The impact of fiscal austerity on suicide: on the empirics of a modern Greek tragedy

Nikolaos Antonakakis, Alan Collins

    Research output: Contribution to journalArticlepeer-review

    154 Downloads (Pure)

    Abstract

    Suicide rates in Greece (and other European countries) have been on a remarkable upward trend following the global recession of 2008 and the European sovereign debt crisis of 2009. However, recent investigations of the impact on Greek suicide rates from the 2008 financial crisis have restricted themselves to simple descriptive or correlation analyses. Controlling for various socioeeconomic effects, this study presents a statistically robust model to explain the influence on realised suicidality of the application of fiscal austerity measures and variations in macroeconomic performance over the period 1968-2011. The responsiveness of suicide to levels of fiscal austerity is established as a means of providing policy guidance on the extent of suicide behaviour associated with different fiscal austerity measures. The results suggest (i) significant age and gender specificity in these effects on suicide rates and that (ii) remittances have suicide-reducing effects on the youth and female population. These empirical regularities potentially offer some guidance on the demographic targeting of suicide prevention measures and the case for ‘economic’ migration.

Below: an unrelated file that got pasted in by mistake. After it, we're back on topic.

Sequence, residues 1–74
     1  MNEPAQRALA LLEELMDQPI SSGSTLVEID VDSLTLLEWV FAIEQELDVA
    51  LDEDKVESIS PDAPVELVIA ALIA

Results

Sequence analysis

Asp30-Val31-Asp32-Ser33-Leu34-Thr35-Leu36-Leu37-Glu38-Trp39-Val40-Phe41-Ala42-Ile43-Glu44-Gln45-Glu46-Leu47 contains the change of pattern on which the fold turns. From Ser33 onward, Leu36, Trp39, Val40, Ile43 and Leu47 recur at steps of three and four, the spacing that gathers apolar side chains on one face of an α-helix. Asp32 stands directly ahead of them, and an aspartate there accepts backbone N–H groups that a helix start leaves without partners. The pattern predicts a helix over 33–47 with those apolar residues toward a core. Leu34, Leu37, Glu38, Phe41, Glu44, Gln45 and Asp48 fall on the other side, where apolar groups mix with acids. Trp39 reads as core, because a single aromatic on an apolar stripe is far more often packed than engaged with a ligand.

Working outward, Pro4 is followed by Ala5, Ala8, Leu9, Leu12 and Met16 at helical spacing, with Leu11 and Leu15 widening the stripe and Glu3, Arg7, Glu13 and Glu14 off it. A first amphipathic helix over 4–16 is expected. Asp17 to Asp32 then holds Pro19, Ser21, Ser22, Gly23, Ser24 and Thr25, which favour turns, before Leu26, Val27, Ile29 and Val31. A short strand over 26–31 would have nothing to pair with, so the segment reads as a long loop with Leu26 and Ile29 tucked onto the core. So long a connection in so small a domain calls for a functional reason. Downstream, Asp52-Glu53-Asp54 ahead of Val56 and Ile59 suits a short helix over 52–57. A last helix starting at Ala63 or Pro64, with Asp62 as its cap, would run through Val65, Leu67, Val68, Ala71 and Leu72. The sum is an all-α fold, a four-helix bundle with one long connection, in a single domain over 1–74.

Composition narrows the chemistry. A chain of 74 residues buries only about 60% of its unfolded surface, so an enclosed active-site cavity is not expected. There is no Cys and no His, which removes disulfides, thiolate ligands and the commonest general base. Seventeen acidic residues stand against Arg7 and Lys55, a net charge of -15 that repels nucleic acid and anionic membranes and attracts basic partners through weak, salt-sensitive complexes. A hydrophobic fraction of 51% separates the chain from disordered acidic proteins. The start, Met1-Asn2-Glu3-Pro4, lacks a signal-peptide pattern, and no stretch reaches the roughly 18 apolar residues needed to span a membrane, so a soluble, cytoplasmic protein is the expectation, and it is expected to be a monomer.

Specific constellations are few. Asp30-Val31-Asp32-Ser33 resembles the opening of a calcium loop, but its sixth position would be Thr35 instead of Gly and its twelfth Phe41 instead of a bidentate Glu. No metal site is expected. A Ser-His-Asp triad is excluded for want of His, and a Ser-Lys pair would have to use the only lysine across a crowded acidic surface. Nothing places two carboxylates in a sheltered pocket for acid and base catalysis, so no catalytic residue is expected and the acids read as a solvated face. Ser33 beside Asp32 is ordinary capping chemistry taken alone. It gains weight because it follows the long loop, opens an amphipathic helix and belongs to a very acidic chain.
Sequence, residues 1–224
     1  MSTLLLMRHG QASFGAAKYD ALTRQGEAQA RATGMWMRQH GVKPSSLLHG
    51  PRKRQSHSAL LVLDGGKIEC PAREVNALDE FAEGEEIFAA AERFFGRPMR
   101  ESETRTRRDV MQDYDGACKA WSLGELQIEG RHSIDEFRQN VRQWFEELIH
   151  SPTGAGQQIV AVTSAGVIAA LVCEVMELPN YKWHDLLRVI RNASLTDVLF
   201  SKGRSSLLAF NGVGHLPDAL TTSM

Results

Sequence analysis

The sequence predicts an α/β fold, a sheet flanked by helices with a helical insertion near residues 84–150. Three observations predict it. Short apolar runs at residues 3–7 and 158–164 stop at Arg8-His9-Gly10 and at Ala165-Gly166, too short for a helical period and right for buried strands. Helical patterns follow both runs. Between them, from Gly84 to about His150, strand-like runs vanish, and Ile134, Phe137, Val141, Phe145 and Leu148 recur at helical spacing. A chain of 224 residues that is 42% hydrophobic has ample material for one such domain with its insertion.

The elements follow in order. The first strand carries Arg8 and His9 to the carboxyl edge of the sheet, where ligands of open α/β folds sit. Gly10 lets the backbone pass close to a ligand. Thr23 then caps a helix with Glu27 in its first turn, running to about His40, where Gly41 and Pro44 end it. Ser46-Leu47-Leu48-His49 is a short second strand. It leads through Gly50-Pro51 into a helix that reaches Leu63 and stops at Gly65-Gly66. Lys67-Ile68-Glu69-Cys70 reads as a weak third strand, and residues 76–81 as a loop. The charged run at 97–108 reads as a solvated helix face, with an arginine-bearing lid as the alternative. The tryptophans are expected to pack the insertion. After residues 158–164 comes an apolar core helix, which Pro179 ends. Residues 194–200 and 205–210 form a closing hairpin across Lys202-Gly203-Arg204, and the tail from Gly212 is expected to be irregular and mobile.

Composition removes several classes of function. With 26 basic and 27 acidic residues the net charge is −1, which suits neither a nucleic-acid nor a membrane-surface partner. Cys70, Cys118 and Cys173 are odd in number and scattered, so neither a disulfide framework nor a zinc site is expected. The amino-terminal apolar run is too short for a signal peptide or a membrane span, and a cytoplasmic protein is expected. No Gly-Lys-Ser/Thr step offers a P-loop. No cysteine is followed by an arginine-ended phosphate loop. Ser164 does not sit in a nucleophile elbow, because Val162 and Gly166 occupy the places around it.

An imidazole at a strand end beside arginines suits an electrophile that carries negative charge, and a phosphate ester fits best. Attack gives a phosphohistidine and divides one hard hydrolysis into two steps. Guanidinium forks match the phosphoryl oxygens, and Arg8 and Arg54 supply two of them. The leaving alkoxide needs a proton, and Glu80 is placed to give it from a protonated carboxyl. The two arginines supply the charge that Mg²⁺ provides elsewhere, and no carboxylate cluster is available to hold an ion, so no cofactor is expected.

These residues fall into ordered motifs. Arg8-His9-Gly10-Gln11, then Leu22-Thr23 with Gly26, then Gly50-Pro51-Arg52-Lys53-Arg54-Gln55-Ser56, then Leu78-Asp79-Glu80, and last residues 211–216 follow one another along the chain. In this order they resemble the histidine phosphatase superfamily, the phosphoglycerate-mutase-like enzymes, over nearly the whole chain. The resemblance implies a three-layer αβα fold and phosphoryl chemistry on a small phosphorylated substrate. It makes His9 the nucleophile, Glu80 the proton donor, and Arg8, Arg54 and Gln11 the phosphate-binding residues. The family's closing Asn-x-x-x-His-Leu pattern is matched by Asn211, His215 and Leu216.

Original languageEnglish
    Pages (from-to)39-50
    Number of pages12
    JournalSocial Science & Medicine
    Volume112
    Early online date19 Apr 2014
    DOIs
    Publication statusPublished - 1 Jul 2014

    Keywords

    • Greece
    • Fiscal austerity
    • Suicide
    • Unemployment
    • Debt crisis
    • Migration

    Fingerprint

    Dive into the research topics of 'The impact of fiscal austerity on suicide: on the empirics of a modern Greek tragedy'. Together they form a unique fingerprint.

    Cite this